Arctic Dog Breeds
February 11, 2019
Arctic Dog Breeds
Artic dog breeds are also referred to as sled dogs, the most common amongst them being the Alaskan Husky, yet, there are plenty more breeds which you may or not already be aware of.
We’ve scoured the Arctic to bring you a comprehensive list of all the dogs which are built to withstand harsh temperatures and help out their fellow frosty human friends. Sled dogs are more than just companions in the Arctic. They are vital to keeping the wheels of arctic life turning when it comes to transport and hauling. Due to the tough and dangerous terrain of the Arctic, dogs are charged with the responsibility of getting goods and people from A to B. Some are even used to deliver the post. However, now in many regions, they are also used for racing. They may not be as fast as greyhounds, but they certainly have skills on the track.
Sled dogs are found in Lapland, Canada, Greenland, Siberia, Norway, Finland, Alaska and Chukotka. Despite coming from various places around the globe arctic dogs have numerous things in common including stamina, size, strength and endurance. You’ll normally find that they weigh in at between 16 kilograms and 25 kilograms.
Sled dogs also have the same gait, the fastest sled dog will be able to run at 28 mph easily even in thick snow, as their webbed feet act as the perfect snowshoes. To keep warm in the minus temperatures, every Arctic dog has a thick and dense double coat. The outer layer of fur will keep snow off the inner layer which is designed for insulation and waterproofing.
Ever wondered why arctic dogs tend to have a bushy tail? That’s because they use their tail to protect their nose and feet from winds and snow while they sleep. However, their highly-evolved blood vessels in their feet make it less likely for them to suffer from frostbite.
Now we know a little more about Arctic dogs, let us find out about the different breeds.
- Alaskan Husky
If there is an Arctic dog you are familiar with, it will be the Alaskan Husky which has been used for decades in dog sled racing. However, what many people do not know, is that the Alaskan Husky is actually a mongrel which was bred to be the best sled dog. The first Alaskan Huskies existed in the late 1800s, and there are now two different forms of Alaskan Husky, they are separated by their running ability. One is better suited to sprinting and one long-distance running. Some Alaskan Husky’s have been bred with Greyhounds to improve their speed. Whilst some have been bred with wolves to increase endurance. However, it is very unlikely that you will find any wolf crosses outside of the Arctic as they are incredibly difficult to control.
- Alaskan Malamute
There are many similarities between Alaskan Husky’s and Alaskan Malamutes, but there is also much that sets them apart as Alaskan Malamute’s are almost unmatched strength, and often have much softer facial features. They were amongst the first domesticated dogs in Alaska and come in pedigree and non-pedigree. Their tough feet and their strong broad chests made light work of the jobs which were given to them as a freight dog. While they may not be renowned for their speed, there’s no better option when it comes to dogs with pulling strength.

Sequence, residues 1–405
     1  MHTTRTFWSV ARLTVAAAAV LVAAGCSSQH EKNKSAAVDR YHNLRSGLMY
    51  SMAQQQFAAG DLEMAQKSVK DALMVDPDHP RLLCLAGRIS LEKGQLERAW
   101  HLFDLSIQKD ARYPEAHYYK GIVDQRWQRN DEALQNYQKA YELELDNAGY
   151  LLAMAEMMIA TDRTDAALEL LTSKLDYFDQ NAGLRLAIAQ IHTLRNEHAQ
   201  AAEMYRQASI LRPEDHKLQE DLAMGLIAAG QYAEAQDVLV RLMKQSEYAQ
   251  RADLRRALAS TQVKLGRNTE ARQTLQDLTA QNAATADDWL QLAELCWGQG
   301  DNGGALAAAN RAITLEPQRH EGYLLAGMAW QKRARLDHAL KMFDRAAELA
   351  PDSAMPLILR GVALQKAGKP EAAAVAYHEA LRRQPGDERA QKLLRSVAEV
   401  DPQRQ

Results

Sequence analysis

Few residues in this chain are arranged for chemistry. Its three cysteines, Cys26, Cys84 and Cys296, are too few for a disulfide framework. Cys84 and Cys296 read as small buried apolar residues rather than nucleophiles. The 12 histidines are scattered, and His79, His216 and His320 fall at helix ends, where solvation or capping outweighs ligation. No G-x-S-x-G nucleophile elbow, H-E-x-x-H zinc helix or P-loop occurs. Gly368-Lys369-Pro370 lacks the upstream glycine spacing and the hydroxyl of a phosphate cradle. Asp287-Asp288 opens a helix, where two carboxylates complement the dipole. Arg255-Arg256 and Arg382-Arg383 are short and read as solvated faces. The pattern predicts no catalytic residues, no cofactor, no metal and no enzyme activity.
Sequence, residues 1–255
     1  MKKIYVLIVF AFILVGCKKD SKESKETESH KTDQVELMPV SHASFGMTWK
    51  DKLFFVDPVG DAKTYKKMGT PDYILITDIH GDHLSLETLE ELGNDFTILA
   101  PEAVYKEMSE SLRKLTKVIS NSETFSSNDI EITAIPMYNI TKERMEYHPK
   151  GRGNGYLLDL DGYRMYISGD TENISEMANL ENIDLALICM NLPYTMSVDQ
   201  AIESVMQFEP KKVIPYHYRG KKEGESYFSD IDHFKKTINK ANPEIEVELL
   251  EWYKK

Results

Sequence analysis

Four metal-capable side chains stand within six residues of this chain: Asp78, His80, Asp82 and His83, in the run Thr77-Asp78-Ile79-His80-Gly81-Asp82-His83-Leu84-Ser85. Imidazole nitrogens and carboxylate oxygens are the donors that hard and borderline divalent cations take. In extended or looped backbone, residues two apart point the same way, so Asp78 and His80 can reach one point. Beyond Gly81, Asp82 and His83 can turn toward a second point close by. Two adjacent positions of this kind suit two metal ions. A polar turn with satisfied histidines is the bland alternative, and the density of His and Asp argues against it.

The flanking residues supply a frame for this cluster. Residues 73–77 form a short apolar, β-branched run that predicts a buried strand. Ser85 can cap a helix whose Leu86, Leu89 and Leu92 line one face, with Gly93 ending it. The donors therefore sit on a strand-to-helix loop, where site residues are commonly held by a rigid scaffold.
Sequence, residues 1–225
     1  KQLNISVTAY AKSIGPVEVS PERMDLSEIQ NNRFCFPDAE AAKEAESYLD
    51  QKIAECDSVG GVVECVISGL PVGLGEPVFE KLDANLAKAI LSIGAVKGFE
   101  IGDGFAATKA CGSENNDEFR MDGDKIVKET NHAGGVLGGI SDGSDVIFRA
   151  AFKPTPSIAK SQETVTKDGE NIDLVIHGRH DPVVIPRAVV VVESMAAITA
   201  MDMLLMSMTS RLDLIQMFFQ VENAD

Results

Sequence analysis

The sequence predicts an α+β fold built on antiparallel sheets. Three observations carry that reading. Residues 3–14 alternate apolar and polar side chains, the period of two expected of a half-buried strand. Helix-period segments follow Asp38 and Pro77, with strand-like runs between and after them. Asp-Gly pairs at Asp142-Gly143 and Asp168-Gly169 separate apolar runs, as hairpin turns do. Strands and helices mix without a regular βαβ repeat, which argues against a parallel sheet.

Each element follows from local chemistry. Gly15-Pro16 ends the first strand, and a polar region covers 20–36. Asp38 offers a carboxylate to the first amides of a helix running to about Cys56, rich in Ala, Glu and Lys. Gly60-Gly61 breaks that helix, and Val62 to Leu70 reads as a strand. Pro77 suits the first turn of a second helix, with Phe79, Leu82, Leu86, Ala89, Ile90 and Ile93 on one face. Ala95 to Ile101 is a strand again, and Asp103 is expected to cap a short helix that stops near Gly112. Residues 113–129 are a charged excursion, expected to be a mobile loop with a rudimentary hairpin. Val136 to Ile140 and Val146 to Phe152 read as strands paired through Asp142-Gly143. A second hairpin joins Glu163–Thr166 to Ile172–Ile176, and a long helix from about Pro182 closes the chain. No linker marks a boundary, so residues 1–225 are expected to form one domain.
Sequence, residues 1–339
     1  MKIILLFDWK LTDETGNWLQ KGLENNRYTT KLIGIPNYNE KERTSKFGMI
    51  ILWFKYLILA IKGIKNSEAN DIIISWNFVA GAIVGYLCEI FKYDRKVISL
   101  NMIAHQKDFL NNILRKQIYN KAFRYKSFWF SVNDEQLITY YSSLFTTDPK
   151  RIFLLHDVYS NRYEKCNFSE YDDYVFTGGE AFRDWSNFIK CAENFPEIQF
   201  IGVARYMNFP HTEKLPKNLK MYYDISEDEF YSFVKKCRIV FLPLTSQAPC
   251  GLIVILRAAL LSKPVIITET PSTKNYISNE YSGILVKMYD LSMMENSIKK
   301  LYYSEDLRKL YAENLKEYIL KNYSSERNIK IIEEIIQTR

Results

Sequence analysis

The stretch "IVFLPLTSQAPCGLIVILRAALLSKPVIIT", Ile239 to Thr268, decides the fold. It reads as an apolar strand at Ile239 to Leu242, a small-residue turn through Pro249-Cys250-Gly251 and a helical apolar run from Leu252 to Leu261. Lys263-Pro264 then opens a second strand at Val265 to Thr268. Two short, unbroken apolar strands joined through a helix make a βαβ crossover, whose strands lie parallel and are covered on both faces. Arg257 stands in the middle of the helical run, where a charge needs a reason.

- Canadian Eskimo Dog
Canadian Eskimo Dogs were first used by the Thule tribe people in Arctic Canada, they were amongst the best sled dogs. The Canadian government even had a hand in developing the breed. As a result, they can pull a staggering 80 kilograms each for up to 70 miles. But that wasn’t all that the Canadian Eskimo Dog was good for, they also come in handy helping hunters catch polar bears, musk ox and seals.
The Chinook breed’s lineage first begun in the early 1900s in New Hampshire, the breed was recognised as a working breed by the AKC in 2013, they are renowned for their athletic ability and their ability to not tire easily. This was a result of crossbreeding between Belgian Shepherds, German Shepherds, Greenland Huskies and Mastiffs.
- Greenland Dog
As you can expect, the Greenland breed originated in Greenland. They are another example of arctic breeds which are built for endurance and not speed. They are the perfect dogs for long and arduous sled adventures and expeditions. They may not be popular in all corners of the globe, but in Greenland, there are currently 30,000 of them! They are used as the main mode of transport in Greenland in the winter due to their determination and reliability. They have also been strongly favoured by dog sled teams for this reason too.
While most arctic breeds and sled dogs look remarkably similar, the Samoyed is the exception, they tend to be much smaller and fluffier than your average arctic breed, however, that’s not to say that the Samoyede people didn’t come to depend on them. They were a necessity for their ability to herd reindeer, and it would not be uncommon to see them pulling a sledge. Usually, Arctic dogs aren’t commonly regarded as companion pets, however, the Samoyed breed found itself so favoured that they were allowed to sleep with their owners in their tents. That may not seem like a big deal to us, but it definitely was for the Samoyede tribes.
- Siberian Husky
The Siberian Husky has some similarities to the Malamute; however, they tend to be a lot smaller on average. However, this breed proves that size really doesn’t matter, they can pull more weight pound for pound than the malamute, but they don’t quite match their levels of endurance as they are not able to pull for as long. But for heavy loads, the Siberian Husky is still a great option. Typically, they weigh up to 27 kilograms, however, they weren’t just bred for their pulling ability, they were also designed for appearance.